Clifton J. Cox, a retired WBAL-TV supervisor who was active in his East Baltimore church, died Saturday of multiple myeloma at his Ellicott City home. He was 65.
The son of Clifton L. Cox, a Bethlehem Steel Co. steelworker, and Lucille Edges Cox, a registered nurse, Clifton Jerome Cox was born in Baltimore and raised in East Baltimore.
He graduated in 1966 from Dunbar High School and earned a bachelor's degree in 1993 in sociology from Morgan State University.
Mr. Cox began working at WBAL-TV in 1967 and at the time of his retirement in 2002 was supervisor of the station's floor department, which gave direction to those appearing on the air.
"He was the first African-American supervisor of a floor department for a major TV station," said a daughter, Valerie Marks of Lutherville.
Mr. Cox's professional memberships included the National Association of Black Journalists and Association of Black Media Workers. He had served on the board of the Baltimore Cable Access Corp.
He also was a member of the Howard County Center of African American Culture Inc. and served as a mentor for Morgan State University's Project Praise and a big brother for Big Brothers/Big Sisters. He also was a Boy and Cub Scout master and had earned their Pro Deo Et Patria Medal, a religious award for Lutherans.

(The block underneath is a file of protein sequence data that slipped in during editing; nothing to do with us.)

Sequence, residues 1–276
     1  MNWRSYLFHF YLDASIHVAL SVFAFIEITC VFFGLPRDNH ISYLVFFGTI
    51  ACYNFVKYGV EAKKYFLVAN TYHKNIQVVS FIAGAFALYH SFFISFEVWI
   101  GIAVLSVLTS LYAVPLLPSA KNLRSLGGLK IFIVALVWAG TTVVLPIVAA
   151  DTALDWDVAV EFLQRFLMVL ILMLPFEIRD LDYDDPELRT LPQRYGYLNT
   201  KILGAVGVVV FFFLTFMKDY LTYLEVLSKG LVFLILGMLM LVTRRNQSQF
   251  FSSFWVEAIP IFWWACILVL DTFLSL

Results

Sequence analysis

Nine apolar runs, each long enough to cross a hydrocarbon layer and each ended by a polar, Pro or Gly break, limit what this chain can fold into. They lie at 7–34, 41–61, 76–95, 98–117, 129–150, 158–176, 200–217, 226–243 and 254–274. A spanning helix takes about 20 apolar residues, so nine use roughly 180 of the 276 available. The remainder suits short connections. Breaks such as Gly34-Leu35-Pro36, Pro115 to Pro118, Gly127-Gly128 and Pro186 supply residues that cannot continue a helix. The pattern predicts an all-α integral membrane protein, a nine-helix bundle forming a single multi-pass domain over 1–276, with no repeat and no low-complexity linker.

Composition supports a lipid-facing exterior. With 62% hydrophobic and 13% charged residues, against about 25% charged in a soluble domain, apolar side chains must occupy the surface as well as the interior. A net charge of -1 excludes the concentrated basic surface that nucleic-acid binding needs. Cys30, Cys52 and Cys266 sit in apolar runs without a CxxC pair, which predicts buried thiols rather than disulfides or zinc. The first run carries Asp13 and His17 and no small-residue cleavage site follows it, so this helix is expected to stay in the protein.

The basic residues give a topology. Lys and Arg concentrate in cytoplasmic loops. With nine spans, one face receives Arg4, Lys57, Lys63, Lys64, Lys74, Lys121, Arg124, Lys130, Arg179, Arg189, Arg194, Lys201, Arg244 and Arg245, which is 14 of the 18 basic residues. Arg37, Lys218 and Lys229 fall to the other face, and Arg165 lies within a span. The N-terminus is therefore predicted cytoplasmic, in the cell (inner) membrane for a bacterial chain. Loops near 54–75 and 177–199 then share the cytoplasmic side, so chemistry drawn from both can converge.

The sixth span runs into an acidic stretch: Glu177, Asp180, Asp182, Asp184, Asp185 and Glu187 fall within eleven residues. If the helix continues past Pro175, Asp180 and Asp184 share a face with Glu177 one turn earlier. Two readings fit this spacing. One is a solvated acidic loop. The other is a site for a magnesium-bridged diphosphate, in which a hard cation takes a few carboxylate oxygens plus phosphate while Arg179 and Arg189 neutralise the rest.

He was a longtime member of St. Philip's Evangelical Lutheran Church, where he had been a member of the board and was a church choir member. He also chaired the Learning Ministry Committee, founded the Elders Award, and visited the sick and shut-ins.
He had been a member of the board of the Lutheran Regional Synod and was a member of Lutheran Men in Mission.
Services will be held at noon Friday at his church, 501 N. Caroline St.
In addition to his daughter, Mr. Cox is survived by his wife of 36 years, the former Bertha Burgess; a son, Gregory Cox of Ellicott City; four brothers, Ronald Cox, Thurman Cox and Donnie Brown, all of Baltimore, and Norman Cox of Owings Mills; three sisters, Earlene Washington, Terita Richardson-Boyd and Stephanie Whitehurst, all of Baltimore; six grandchildren; and six great-grandchildren. An earlier marriage to the former Rachel Jones ended in divorce.Copyright © 2015, The Baltimore Sun